On our numerous visits to the Desert Botanical Garden we are always amazed how many European Starlings we see and hear chirping – they seem to be abundant across North America including the Sonoran Desert and Sonora (Mexico). Starlings are great vocalizers and can do immitations of many other bird calls.
Saguaro Cactus nest holes, originally created by Gila Woodpeckers are often used by European Starlings to the detriment of many native species. Purple Martins for example have declined considerably in the Sonoran Desert possibly due to the resulting shortage of Saguaro nest holes.
We have seen them at some other locations hanging out in flocks of thousands. It is estimated that there are 200 millions of these birds on the continent and they can be found as far north as Alaska and as far south as Mexico. Numerous though they are, Starlings are actually non-native invasive species. And we can blame Shakespeare for their arrival in America.
On March 6, 1890, a New York pharmaceutical manufacturer name Eugene Schieffelin brought natural disaster into the heart of completely without meaning to. Through the morning snow, which congealed at times to sleet, sixty starlings, imported at great expense from Europe, accompanied Schieffelin on the ride from his country house into Central Park—the noisy, dirty fulfillment of his plan to introduce every bird mentioned by Shakespeare into North America. Schieffelin loved Shakespeare and he loved birds….The American Acclimatization Society, to which he belonged, had released other avian species found in Shakespeare—the nightingales and skylarks more commonly mentioned in his plays and poems—but none had survived. There was no reason to believe that starlings would fare any better. Schieffelin opened the cages and released the birds into the new world, without the smallest notion of what he was unleashing.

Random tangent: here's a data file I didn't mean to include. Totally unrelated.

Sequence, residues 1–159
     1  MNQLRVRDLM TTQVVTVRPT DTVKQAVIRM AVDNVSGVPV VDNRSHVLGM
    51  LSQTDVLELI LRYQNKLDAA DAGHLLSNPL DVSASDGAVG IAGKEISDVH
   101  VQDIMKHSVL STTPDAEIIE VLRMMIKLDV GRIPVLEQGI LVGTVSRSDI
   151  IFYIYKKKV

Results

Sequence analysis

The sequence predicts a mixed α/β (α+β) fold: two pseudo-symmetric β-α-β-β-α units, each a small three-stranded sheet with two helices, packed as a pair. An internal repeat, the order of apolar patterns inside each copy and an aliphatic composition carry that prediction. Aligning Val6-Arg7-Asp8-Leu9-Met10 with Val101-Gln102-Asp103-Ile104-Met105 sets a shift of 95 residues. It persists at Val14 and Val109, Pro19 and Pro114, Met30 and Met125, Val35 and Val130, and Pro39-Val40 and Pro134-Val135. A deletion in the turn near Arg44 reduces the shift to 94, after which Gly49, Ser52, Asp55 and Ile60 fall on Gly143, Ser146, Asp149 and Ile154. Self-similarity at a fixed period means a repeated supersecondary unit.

Steven Marche explains in How Shakespeare Changed Everything